There is a bit of madness in trying to flesh out who we really are. I have always tended to feel a sense of urgency to have words on hand to let people know who I am. As if the ability to string together the perfect strand of words would somehow be enough for others to know who I was and what I was about. And yet, those labels I have tried on have not all fit flawlessly, like sweaters made for perfectly trim mannequins those labels have either felt uncomfortably snug here or oddly baggy there, never a perfect fit.
When I was younger, I was obsessed with the label "DANCER" because that is what I truly wished to be. But the problem was, I was not quite a dancer in the way the world thought of dancers. I was not thin. I did not spend hours upon hours in the studio. I often quit my day's dancing before my toes were a mess of blisters and blood, and I could never give up sugar when my directors and coaches challenged me to. The label--like most others--was not quite fitting. The label was a product of something I did, something I aspired to, something I enjoyed, but it was not by any means who I was.
Then I thought maybe who I was could be based on how I often felt, but that did not sit right either. If anything it was much more uncomfortable; it was too revealing. I couldn't introduce myself to people by telling them my name and directly informing them that I was often stupidly optimistic, too trusting, sometimes lonely, and a lot anxious about the insignificant things of this world. I would have then been given the label "WEIRDO", and the label-givers would probably have been right.
Now I am trying to make peace with labels I have taken on through occupation. I am trying to make sense of the "TEACHER" label which often makes me cringe because it feels so off-putting. I also have to deal with the "FIRST YEAR TEACHER" label and the "ENGLISH TEACHER" and "DANCE TEACHER" labels and all the I'm-so-sorrys people dish out to me in response to my having to spend my days with teenagers. These labels carry with them an awkward weight where people assume I have strong feelings about Common Core (or whatever it is) or about standardized testing or about this or that form of pedagogy (which is just a stupid word teachers love to throw around to sound intellectual). I am not yet comfortable with the "TEACHER" label just yet, because I am not so sure what it means for me. I have very few strong feelings regarding educational legislature, which I know is the wrong thing for a teacher to say because we are mandated by law to have strong feelings. The word "pedagogy" makes me want to poke myself in the eyeball, and I hate discussing tests in any and all forms.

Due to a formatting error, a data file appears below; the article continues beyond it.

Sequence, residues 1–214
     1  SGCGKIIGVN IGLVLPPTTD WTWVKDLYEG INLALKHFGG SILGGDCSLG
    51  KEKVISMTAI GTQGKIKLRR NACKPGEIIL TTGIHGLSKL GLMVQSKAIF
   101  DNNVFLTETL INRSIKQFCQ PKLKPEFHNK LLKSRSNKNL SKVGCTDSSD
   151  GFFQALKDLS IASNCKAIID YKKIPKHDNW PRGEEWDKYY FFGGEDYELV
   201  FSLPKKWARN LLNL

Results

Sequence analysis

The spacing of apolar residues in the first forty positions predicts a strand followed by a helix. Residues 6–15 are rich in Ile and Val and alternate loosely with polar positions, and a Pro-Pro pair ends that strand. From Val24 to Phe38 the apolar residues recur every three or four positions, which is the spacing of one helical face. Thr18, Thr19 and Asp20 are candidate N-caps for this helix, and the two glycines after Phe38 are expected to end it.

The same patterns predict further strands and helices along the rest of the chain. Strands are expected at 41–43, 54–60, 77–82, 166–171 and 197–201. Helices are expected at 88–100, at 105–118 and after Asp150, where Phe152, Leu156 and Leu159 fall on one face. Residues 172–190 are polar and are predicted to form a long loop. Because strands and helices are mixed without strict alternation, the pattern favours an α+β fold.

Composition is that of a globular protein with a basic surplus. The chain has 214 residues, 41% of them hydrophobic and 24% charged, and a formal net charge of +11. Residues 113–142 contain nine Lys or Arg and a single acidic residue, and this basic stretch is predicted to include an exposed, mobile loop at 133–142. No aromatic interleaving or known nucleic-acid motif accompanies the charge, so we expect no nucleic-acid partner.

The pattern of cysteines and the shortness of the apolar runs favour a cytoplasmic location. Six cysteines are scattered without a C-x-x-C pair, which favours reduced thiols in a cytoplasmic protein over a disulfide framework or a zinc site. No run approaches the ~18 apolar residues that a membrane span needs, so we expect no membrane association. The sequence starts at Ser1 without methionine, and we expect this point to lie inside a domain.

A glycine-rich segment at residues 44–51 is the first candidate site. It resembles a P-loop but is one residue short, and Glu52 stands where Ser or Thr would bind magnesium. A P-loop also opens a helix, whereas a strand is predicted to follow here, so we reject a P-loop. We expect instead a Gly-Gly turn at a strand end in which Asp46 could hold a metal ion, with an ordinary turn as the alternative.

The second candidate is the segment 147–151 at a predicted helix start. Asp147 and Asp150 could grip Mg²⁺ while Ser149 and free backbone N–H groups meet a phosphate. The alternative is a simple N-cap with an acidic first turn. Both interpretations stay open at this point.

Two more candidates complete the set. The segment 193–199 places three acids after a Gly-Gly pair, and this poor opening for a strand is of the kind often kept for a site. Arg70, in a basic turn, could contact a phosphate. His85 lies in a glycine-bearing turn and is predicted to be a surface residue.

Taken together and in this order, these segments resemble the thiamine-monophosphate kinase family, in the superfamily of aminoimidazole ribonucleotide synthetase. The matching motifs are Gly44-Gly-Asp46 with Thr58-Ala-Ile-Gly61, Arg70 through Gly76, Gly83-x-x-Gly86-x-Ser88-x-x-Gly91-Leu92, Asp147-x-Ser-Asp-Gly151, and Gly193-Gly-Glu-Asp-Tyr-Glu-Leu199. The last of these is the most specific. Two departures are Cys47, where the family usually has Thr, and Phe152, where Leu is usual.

As a teacher, I am also supposed to have a real reason for teaching. A philosophy if you will. I still do not have that figured out. I just like it, I guess.
The truth of the matter is, I think I just want to curl up in a good chair with a good light and read Charles Dickens, and maybe talk about it with someone afterward. Does wanting to read Dickens make me an "INTELLECTUAL"? No. I just like the stories and the characters and the tongue-in-cheek writing only Dickens can pull off.
I suppose the thing with all of this is is that I have not quite figured this all out. To say I am a teacher tastes weird in my mouth and sticks in my throat, and it makes people weirdly self-conscious about their grammar around me. Is that who I am supposed to be? Someone who makes others feel self-conscious about their own abilities to speak and write their own language?
Like dancing, I feel like teaching is just something that I do. It is not the end-all-and-be-all of who I am. It is just another thing that I do, like reading Dickens. But this time I get paid for it, which isn't so bad.
As for who I am, I think that is yet to be determined. I do not know how to string it all together from the jumble of nouns of adjectives available to me.
Maybe I will figure that out next year.